Thursday, 21 August 2014

Isis and the mission of the unaccomplished

There’s so much to learn from Iraq. In particular, the truth of the old saying that the road to hell is paved with good intentions.

I’m prepared to go out on a limb here, and say that I’m prepared, for the purposes of argument at least, to give Tony Blair the benefit of the doubt. I’m prepared to allow that he might actually have been sincere in believing that Saddam Hussein was “a profoundly wicked, I would say almost psychopathic, man” and that, in consequence, he was right to do what he could to bring him down.

Saddam. A vile dictator. Bringing him down was a great idea
if only what followed hadn't been still worse
Now, however, even Blair admits that overthrowing Saddam Hussein may have contributed to the situation today. On 23 June, he told the Independent, “of course the Iraq of 2014 bears, in part, the imprint of the removal of Saddam Hussein 11 years ago. To say otherwise, as a recent editorial in this newspaper implies that I do, would be absurd.”

Indeed. Bringing down a vile dictator sounds like a fine plan, but you have to be sure that you’re going to replace him with something better. Whereas the intervention of 2003 has inflicted on the region, and on the world, something far worse. The massacres, the enslavements, that expulsions of innocent people by Isis give the measure of the utter barbarity of that movement. And yet, perhaps on Stalin’s principle that a single death is a tragedy and a million merely a statistic, the gruesome beheading of Jim Foley has brought it home far more powerfully still.

Jim Foley reported on horrors which have now claimed him
A single murder can be more blood curdling than a massacre
Why, it even dragged the British Prime Minister back from holiday. For the second time. On the first occasion, he authorised limited British military action in Iraq. but then shot off again as quickly as he could. It’s possible that his family stop him reading the papers or watching TV while he’s away (nothing about David Cameron suggests he regards being Prime Minister as a full-time occupation), because on his return it seems the security services had to make him watch the video of Foley’s death. Apparently to make him understand the gravity of the situation.

I imagine quite a few people had grasped how serious it was even without watching the video (I, for instance, feel no inclination to watch it). But perhaps Cameron’s just not that quick on the uptake.

A man who certainly isn’t quick is George Dubya Bush. It probably hasn’t occurred to him yet that there’s trouble in the same Iraq that he invaded. He may indeed not know that there’s trouble at all. Let’s not forget that he was unforgivably slow in his response to the devastation of New Orleans by Hurricane Katrina, although he was on holiday (yes, there’s a pattern here) in Texas, the state next door.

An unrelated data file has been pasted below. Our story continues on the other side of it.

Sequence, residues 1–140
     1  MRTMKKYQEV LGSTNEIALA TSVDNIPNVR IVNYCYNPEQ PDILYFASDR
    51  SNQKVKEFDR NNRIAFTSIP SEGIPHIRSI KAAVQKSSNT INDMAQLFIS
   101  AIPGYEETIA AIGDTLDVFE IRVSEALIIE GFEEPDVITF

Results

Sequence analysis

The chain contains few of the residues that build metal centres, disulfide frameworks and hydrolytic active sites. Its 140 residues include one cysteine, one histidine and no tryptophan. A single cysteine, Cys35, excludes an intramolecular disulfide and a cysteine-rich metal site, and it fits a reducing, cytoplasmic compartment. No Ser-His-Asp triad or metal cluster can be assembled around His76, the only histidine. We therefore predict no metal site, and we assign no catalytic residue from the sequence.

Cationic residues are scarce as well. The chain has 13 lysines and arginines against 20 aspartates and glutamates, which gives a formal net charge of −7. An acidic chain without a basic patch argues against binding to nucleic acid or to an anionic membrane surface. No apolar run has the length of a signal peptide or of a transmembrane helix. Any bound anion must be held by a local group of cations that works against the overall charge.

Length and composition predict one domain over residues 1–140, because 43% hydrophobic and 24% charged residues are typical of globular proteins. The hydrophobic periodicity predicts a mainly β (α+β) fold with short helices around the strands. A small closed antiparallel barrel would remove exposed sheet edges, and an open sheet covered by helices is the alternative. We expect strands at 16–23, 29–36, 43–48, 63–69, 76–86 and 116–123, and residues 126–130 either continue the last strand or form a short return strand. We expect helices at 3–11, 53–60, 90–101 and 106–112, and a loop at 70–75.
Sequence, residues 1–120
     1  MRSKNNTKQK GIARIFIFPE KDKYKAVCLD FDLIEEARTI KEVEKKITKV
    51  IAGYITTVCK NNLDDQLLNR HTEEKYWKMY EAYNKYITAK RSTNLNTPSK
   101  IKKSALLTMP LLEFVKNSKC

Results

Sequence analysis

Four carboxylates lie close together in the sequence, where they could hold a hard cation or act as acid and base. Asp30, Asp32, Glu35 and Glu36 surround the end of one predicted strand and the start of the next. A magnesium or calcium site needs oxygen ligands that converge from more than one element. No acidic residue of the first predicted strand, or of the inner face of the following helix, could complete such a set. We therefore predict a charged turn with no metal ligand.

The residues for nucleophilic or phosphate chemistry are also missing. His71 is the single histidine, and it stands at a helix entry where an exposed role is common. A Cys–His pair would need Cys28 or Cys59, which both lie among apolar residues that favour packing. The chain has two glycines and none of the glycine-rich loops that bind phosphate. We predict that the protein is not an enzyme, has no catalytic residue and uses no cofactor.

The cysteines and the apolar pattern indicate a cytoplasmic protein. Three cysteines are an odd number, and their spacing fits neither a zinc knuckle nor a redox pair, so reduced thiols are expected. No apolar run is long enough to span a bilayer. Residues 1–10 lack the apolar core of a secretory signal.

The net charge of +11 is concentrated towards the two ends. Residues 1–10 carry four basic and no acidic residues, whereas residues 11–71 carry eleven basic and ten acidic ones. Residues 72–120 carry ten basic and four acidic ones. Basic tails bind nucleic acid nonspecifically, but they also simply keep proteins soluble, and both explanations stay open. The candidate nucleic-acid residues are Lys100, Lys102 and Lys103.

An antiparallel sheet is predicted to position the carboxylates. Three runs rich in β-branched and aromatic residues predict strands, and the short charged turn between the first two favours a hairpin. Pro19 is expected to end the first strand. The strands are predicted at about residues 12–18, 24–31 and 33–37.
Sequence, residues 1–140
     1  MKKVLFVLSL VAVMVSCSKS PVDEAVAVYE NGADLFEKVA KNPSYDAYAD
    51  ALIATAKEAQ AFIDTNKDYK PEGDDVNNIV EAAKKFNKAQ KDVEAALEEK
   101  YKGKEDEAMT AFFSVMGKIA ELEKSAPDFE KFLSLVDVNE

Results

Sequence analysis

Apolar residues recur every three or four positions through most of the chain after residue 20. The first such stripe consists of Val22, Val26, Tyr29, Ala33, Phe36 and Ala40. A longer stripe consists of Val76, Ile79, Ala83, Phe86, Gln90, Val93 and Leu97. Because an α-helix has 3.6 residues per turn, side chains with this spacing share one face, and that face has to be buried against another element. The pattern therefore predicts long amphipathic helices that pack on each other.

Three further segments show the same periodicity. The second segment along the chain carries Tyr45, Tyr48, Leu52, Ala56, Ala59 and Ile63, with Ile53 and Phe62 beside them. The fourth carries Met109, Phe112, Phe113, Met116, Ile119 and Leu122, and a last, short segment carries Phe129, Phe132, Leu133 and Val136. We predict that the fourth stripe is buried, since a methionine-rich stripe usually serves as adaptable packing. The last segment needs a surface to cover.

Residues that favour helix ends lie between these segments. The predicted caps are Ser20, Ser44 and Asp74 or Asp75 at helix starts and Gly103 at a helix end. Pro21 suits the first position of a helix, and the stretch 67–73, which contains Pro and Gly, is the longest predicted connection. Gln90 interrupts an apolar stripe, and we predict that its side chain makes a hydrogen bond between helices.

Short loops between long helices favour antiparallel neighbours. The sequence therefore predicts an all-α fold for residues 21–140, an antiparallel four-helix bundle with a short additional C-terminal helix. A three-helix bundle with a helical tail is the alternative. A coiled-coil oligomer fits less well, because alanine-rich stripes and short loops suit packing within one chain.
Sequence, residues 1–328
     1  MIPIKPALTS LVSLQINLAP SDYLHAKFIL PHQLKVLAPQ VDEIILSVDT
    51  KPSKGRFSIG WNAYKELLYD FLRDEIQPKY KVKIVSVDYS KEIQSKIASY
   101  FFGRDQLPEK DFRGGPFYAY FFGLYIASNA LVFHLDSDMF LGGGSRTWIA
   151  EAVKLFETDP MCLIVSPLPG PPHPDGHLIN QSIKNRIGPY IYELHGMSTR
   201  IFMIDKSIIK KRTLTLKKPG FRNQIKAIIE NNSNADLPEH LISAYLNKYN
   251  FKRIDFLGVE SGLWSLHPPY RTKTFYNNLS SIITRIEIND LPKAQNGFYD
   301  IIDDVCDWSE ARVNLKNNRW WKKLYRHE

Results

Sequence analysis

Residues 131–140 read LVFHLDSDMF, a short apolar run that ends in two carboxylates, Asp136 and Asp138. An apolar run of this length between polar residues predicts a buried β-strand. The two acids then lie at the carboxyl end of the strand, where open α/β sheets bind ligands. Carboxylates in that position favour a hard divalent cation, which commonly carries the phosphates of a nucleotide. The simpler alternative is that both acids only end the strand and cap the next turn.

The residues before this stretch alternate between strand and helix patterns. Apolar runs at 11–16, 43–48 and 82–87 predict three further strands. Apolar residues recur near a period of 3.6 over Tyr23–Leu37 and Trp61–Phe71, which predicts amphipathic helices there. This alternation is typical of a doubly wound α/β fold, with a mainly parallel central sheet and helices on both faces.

He probably still believes that he accomplished his mission in Iraq, as he proclaimed on the deck of an aircraft carrier. He may not have grasped that the murder of one of his compatriots, Foley, is a direct consequence of the mission he botched, with Blair’s faithful support. Less of a mission accomplished than a mission bungled by the unaccomplished.

Just how bungled is shown by what the West is reduced to hoping for these days.

The US heavily armed the Iraqi army it set up to replace Saddam’s. As a result, Isis has been able to seize enough weapons to arm five divisions, when that army turned tail and bolted from its advancing enemy. Now we have to hope that the Iraqi military can learn some effectiveness from the Iranian officers who are trying to get it back into some semblance of order.

And yet one of the justifications for the invasion of Iraq was to protect us from the still greater threat of Iran.

Meanwhile, Isis continues to make serious advances in Syria, using the US weapons it captured in Iraq. The country’s biggest city, Aleppo, is in danger of falling to its militants. The only hope of stopping them? The army of Bashar al-Assad, the man Blair still feels we ought to have bombed last year.

We may well have gone into Iraq with excellent intentions. But what a mess we made. We’ve woken a far worse, far deadlier, far more monstrous enemy. We’ve put weapons in his hands. And now we have to rely on highly unsavoury regimes to help us defeat him.

Yep. Good intentions. They take you straight to hell.

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